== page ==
Down to Earth

Down to Earth

What Brexit means for UK science: a view from the coalface

Science, and geoscience in particular, is an international activity that benefits from cooperation and collaboration. The Brexit vote is a wake up call, not just for the UK but more widely, and it underlines how so many people feel isolated from the traditional political institutions and elites and feel threatened by globalisation.

Aside from that, however, it sadly sends an unfortunate signal that the UK is unwelcoming, despite the fact that almost half the voters took the opposite view. In areas with high numbers of graduates, like London, Oxford, Cambridge and Edinburgh, the vote was overwhelmingly in favour of remaining in the EU. This reflects the reality that UK geoscience labs remain welcoming international workplaces.

But Brexit introduces all sorts of uncertainties - will employees’ families and friends be able to visit and travel as freely as they have in the past? Will the UK continue to attract the best minds into its universities from across the EU and elsewhere? Personally, although initially shocked and still heartbroken at the result, I remain optimistic that UK universities and geoscience employers will continue to offer a great environment in which to pursue science, to work, and to live. The current uncertainty raises fears, but our task now is to lobby to ensure that those imagined fears do not materialise into real problems.

The bigger issue, perhaps, is access to EU research opportunities. The UK science minister, Jo Johnson (Boris Johnson’s brother), was firmly in favour of remaining in the EU, and sees the huge benefits of being part of an EU-wide network of funding and researchers. Now, the task will be to try and negotiate continued access to these funds, which deliver around £1bn a year of support to UK science as a whole.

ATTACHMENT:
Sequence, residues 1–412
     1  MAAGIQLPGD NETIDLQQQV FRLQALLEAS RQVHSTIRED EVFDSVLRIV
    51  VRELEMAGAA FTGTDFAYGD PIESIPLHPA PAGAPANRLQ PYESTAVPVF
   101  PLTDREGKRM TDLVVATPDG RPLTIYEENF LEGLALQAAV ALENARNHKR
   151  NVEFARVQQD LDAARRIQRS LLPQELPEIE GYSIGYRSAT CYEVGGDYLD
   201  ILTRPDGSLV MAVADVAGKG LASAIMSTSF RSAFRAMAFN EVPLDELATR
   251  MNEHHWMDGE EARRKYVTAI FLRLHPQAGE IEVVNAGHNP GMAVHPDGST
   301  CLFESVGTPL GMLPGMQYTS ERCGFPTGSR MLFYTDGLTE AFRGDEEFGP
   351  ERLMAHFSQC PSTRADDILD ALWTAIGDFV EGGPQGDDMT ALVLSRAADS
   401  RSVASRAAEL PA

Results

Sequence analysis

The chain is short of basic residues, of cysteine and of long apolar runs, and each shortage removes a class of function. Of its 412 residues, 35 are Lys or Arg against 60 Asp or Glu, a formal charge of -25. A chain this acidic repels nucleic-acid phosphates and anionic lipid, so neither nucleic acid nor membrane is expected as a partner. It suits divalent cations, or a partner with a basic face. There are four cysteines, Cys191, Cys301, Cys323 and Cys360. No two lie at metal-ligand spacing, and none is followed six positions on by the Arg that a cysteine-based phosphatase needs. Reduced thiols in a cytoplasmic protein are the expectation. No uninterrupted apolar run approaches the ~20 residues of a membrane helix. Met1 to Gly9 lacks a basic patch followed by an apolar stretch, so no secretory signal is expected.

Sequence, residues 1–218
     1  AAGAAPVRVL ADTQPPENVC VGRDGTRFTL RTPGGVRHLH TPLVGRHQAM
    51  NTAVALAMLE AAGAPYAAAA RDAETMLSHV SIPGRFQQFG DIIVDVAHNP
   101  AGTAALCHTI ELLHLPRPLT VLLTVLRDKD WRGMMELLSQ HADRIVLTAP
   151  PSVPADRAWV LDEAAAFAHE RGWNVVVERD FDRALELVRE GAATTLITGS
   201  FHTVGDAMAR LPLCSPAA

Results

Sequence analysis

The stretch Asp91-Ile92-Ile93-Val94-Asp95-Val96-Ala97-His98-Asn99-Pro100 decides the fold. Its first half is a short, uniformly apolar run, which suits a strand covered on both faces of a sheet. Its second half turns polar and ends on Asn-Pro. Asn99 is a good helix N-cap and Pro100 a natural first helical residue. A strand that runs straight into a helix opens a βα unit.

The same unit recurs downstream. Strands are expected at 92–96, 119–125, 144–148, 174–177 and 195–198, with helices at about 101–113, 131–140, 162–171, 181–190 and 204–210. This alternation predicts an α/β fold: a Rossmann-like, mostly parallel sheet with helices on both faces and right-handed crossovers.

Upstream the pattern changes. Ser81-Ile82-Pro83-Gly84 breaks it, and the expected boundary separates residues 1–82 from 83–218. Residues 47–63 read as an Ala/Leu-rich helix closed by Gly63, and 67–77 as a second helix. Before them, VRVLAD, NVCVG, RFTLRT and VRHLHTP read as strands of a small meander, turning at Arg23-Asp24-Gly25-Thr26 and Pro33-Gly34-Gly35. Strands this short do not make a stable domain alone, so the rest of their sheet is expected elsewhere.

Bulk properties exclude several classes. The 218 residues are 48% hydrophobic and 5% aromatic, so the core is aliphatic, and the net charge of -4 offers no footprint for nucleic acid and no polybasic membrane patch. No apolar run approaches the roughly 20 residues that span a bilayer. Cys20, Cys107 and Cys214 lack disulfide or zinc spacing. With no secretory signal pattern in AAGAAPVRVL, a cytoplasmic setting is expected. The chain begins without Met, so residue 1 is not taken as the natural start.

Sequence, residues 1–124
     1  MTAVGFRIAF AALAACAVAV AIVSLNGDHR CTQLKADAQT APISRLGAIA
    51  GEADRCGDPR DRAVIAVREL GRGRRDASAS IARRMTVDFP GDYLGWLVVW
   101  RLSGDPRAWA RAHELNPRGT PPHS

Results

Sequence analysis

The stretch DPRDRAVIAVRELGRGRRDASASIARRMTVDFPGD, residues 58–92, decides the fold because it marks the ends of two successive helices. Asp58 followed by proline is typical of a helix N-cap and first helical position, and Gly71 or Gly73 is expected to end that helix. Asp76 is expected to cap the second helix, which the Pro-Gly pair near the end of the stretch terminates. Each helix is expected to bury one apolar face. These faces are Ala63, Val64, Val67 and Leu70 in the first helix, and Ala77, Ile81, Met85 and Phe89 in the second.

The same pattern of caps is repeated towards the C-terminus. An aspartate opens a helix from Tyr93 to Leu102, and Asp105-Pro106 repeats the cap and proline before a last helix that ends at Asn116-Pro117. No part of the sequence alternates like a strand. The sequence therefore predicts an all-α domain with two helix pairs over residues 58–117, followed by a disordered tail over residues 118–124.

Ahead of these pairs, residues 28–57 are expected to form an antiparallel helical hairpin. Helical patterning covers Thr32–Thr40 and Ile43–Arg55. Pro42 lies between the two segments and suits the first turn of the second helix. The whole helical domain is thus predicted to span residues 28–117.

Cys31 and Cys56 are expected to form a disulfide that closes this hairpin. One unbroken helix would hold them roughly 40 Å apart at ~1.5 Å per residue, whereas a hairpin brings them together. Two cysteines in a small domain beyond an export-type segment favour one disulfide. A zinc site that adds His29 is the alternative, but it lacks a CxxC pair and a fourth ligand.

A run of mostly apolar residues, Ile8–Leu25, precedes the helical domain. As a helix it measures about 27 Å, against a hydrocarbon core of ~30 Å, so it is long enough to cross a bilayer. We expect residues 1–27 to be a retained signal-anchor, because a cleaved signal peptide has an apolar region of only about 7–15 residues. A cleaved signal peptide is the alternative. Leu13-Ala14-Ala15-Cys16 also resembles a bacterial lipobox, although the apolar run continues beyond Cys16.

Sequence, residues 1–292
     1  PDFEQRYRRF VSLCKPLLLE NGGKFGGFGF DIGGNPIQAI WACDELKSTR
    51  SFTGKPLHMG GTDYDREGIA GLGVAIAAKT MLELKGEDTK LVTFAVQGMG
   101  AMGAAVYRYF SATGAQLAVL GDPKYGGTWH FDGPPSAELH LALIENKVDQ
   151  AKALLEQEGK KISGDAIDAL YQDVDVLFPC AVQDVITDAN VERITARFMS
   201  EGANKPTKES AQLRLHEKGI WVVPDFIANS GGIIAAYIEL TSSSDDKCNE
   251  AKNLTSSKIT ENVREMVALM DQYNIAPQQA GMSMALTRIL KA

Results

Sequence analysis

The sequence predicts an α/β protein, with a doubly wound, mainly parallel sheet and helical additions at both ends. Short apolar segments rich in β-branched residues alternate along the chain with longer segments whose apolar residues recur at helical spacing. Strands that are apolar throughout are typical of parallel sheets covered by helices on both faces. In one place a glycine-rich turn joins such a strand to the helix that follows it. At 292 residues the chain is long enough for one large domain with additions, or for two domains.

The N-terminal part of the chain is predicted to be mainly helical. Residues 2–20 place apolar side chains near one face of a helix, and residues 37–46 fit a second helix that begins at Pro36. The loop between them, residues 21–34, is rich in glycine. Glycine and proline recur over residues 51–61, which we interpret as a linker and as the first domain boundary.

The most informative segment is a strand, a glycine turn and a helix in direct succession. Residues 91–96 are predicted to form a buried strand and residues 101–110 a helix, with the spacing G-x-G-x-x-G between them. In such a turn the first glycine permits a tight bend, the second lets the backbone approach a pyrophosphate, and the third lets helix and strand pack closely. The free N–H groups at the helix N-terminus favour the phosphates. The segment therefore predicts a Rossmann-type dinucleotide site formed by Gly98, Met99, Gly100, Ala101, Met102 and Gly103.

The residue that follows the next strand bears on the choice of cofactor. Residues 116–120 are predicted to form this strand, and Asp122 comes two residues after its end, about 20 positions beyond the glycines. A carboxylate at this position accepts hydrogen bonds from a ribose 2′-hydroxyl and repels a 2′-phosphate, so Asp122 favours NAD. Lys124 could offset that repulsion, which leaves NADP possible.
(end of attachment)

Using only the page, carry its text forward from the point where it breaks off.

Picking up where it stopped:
If such access is not possible, then UK science will be arguing hard for national support of at least that level into the future. UK governments have, even in periods of austerity in recent years, recognised the benefit of science to the national economy and the science budget has fared better than those of other government departments. It is now up to the UK geoscience community to continue to argue for the fundamental investment in science that will drive the UK’s economy into the remainder of the 21st century and beyond, spearheading discovery and understanding of our planet and its neighbours, and addressing the pressing environmental issues that society now faces.